M11 - Wild Duck Cluster

Messier 11 or M11 (also designated NGC 6705) is an open cluster in the constellation Scutum. It has an apparent visual magnitude of 6.3 and its angular diameter is 14 arc-minutes. M11 lies at an estimated distance of 6000 light years. The Equinox 2000 coordinates are RA= 18h 51.1m, Dec= -06° 16´ which makes M11 best seen during the summer. The Messier Summer Star Chart shows the position of all Messier objects visible during that season. As one of the more famous objects in the Messier Catalog, it is commonly known as the Wild Duck Cluster.

The image above shows the uncropped view of M11 through the Takahashi E-180 Astrograph (North is to right). A 3x enlargement of this image appears to the right.

In spite of its inclusion in the Messier Catalog, this open cluster was actually discovered by G. Kirch in 1681. The Wild Duck Cluster is one of the richest and most compact open clusters known. According to Kharchenko et al. (2005), the distance of M11 is 6120 light years and its diameter is 23 light years. It contains 2900 stars and its estimated age is 250 million years.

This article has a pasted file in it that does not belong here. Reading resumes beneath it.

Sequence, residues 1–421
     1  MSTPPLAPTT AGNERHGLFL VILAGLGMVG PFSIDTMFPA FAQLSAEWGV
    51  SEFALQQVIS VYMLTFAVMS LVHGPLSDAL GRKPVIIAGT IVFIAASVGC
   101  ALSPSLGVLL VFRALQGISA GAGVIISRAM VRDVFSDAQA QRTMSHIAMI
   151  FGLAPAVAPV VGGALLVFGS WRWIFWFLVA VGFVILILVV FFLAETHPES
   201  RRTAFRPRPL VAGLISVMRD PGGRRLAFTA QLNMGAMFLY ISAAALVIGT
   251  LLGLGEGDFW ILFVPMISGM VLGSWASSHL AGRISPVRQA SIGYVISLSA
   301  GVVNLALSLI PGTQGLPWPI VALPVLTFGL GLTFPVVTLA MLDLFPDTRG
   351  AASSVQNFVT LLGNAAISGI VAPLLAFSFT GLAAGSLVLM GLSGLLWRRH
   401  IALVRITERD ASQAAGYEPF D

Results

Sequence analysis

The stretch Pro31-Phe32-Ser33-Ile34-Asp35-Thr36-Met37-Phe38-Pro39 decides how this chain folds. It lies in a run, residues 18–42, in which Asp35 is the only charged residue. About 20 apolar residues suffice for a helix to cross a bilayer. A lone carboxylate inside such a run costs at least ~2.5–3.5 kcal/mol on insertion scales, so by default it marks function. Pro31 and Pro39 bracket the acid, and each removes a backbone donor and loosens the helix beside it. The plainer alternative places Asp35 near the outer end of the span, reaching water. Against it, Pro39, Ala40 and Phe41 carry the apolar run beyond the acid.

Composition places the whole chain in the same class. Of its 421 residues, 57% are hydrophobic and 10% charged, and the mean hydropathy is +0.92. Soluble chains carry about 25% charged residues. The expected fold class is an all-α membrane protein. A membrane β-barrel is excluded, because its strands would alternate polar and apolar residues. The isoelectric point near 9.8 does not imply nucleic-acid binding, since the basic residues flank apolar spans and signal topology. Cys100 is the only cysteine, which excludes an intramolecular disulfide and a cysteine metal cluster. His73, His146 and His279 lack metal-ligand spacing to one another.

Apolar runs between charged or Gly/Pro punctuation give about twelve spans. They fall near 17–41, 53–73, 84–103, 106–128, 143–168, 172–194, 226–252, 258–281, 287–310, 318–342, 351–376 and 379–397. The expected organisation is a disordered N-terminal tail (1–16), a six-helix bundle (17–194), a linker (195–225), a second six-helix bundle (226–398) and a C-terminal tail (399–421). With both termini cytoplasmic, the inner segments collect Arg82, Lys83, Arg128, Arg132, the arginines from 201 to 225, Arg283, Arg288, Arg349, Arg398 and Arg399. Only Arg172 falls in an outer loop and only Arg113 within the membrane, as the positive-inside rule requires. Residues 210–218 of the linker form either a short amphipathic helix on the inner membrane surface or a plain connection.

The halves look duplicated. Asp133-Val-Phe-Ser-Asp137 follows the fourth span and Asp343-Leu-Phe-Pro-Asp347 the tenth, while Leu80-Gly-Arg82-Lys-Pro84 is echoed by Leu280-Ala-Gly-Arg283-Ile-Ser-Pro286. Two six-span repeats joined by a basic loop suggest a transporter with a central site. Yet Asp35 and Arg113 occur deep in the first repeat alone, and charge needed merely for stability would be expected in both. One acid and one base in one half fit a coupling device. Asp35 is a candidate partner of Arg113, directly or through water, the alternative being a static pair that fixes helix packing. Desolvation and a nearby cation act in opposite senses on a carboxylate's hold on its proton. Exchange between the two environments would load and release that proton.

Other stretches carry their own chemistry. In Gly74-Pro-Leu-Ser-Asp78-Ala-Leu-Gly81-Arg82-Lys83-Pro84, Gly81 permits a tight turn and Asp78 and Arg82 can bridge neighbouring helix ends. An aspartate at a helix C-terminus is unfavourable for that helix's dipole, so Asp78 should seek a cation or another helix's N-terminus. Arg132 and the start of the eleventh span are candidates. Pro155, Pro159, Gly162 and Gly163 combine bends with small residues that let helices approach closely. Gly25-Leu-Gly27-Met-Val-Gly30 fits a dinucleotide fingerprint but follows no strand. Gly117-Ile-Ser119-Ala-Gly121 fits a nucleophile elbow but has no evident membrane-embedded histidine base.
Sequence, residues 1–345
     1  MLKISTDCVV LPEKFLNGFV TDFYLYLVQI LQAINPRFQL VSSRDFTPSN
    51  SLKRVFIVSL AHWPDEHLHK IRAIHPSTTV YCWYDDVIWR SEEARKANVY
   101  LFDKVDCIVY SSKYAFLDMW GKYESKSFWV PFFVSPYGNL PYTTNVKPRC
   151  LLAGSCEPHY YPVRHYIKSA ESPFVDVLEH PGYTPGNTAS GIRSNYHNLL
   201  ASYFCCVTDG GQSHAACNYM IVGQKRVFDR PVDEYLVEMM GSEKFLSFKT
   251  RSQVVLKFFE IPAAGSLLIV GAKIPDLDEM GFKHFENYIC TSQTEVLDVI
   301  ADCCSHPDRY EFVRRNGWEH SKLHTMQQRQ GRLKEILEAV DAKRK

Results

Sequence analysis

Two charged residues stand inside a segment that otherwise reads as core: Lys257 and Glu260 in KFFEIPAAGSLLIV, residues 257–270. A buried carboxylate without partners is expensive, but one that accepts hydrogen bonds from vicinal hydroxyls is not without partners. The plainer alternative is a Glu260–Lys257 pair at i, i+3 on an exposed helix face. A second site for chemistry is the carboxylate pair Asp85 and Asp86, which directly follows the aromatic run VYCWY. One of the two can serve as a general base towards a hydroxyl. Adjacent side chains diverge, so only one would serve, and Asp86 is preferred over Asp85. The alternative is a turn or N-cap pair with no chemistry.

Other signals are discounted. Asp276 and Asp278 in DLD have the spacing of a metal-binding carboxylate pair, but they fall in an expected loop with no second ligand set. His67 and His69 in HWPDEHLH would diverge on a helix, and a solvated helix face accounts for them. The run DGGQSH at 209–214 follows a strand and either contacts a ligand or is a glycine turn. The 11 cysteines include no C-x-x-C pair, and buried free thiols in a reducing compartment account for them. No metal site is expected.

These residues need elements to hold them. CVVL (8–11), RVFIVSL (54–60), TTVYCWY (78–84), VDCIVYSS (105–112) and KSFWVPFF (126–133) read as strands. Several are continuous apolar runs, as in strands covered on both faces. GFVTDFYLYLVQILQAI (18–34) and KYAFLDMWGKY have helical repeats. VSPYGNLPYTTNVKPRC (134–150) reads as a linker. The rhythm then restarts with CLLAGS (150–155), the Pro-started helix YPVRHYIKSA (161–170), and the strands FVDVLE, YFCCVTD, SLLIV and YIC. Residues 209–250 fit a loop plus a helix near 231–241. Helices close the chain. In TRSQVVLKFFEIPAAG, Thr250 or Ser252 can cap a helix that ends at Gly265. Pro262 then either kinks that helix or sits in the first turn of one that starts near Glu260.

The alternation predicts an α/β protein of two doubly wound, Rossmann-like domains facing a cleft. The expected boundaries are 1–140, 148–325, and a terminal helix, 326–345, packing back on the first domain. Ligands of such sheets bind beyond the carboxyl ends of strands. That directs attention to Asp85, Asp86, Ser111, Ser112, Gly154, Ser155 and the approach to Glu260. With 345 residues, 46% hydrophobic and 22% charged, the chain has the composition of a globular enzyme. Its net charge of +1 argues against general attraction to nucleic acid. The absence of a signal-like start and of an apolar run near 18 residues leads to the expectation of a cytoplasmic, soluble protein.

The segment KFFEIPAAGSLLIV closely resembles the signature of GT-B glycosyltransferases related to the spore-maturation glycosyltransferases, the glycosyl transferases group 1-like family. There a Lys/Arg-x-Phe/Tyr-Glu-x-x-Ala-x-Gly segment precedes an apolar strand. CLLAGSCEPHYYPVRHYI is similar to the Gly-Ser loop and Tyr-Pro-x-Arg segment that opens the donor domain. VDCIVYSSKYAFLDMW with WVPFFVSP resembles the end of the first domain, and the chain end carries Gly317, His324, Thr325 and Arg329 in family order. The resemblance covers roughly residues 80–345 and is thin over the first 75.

For more information, see the Messier Catalog as well as specific entries for M11 in Wikipedia and SEDS.

Messier's Description of M11

May 30, 1764
`Cluster of a great number of small [faint] stars, near the star K of Antinous [ Sct], which one can see only in a good instrument; with an simple refractor of 3 feet it resembles a Comet: This cluster is mingled with a faint glow; in this cluster there is a star of 8th magnitude. M. Kirch observed it in 1681. Philosophical Transactions No. 347, p. 390. It is reported on the English Atlas Coelestis.' (diam. 4')

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